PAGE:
Wednesday, June 25, 2008


Let the Empires Fall
Moribund Cult

Surely much better than it has any right to be is this new platter from Canada's (!) Grimbane, the new creative vehicle for vocalist/guitarist Barbarous (or as you once knew him, more likely, Ace Gestapo from Blasphemy). "Let The Empire Fall" is an ill-tempered slice of total throwback Black Metal, harkening back to the reallllllly early Church-burnin' stuff, trying to sound as alien and cult as possible. It's funny, it's releases like this that remind me of how shocked I was at hearing "Transilvanian Hunger" or "Black Shining Leather" for the first time, not saying it's up there with those release, nosir-fucking-eee, just saying that it has that same lingering fumes and dedication to ugliness. With many of the tracks "introduced" by surprisingly rational atheistic arguments sampled from documentaries instead of dripping water or occult chants, it's a pretty fucking cool change of pace where you actually learn something you get bludgeoned over the head. (Not unlike Sesame Street, incidentally.)

Unlike the early black metal the members of Grimbane undoubtedly light black candles to, the sonics of "Let The Empires Fall" are not all treble all the time, there is a good bottom end enchoring songs. Blast beats can change to a steady chug and groove at will. The songcraft is what you would expect from Black Metal of this ilk - ice-cold mantralike waves of blackened distortion, giving way to surprisingly catchy swathes of swaggering thrash and mournful widescreen despair. Riffs range from twitching waves of nails to long washes of solid-state distortion that almost call to mind what a synthesizer would do, and then suddenly the guitar parts get all huge and dramatic and epic at unexpected junctures. Check out the thrashing, magisterial darkness of "Cauldron of Burning Iron" switching from mournful clean picking to super-tight authoritarian thrash that the likes of Metallica wouldn't mind nicking in a second. Barbarous's vocal style is a completely unpalatable and dissonant croak/wheeze, keeping things as undergound as possible - I end up enjoying the sheer gonzo weirdness of it.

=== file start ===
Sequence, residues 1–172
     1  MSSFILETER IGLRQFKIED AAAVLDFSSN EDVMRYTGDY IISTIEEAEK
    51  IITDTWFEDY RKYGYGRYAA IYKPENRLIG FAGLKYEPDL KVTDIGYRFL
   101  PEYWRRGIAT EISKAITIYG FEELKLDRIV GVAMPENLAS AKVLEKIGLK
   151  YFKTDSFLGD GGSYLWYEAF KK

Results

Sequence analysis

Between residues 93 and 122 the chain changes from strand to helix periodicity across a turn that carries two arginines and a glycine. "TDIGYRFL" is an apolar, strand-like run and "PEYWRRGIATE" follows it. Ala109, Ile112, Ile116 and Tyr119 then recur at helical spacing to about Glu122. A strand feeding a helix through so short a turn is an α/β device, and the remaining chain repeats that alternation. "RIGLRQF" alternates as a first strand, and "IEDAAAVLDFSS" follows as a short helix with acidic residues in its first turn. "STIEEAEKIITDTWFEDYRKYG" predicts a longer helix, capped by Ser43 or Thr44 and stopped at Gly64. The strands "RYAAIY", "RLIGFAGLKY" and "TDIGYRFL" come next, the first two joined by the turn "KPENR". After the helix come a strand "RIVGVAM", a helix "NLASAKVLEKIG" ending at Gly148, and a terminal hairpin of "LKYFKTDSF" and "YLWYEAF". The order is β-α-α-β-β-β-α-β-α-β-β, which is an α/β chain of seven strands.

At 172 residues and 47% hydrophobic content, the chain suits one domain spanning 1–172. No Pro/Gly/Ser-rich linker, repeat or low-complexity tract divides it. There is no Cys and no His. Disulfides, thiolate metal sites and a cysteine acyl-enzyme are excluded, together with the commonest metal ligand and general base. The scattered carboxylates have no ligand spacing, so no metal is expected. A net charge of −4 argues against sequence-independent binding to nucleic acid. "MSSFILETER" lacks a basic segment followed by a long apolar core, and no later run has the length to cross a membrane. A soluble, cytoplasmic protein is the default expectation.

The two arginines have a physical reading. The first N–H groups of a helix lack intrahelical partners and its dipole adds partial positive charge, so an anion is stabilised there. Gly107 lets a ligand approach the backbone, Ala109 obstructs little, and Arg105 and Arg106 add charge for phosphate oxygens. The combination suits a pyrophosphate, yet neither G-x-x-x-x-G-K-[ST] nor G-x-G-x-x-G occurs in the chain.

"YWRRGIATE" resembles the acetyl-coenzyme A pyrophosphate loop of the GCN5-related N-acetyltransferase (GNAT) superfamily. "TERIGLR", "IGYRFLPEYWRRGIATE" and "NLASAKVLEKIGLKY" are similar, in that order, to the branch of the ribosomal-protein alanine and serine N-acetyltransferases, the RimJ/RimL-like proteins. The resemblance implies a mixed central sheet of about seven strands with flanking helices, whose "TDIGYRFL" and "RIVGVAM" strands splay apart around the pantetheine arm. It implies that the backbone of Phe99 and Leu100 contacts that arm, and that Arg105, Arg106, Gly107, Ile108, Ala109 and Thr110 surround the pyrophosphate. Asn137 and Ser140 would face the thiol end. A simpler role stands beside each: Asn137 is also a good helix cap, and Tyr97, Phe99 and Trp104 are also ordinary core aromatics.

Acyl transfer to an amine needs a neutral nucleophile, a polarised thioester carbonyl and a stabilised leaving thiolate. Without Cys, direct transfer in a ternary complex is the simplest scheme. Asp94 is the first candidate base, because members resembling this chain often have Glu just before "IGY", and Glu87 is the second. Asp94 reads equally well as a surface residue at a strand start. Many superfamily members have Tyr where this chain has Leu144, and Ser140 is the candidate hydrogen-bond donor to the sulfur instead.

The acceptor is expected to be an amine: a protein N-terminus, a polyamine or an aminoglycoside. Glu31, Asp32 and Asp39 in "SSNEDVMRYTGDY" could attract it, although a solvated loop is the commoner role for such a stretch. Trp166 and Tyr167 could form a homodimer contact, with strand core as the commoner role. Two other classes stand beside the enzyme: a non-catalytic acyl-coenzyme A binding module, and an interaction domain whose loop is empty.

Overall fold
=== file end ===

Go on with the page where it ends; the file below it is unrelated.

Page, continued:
Nothing new to see here, but the intensity and conviction and alchemical combinations of variant extreme aesthetics make it a fine, fine listen.

-Matthew Moyer

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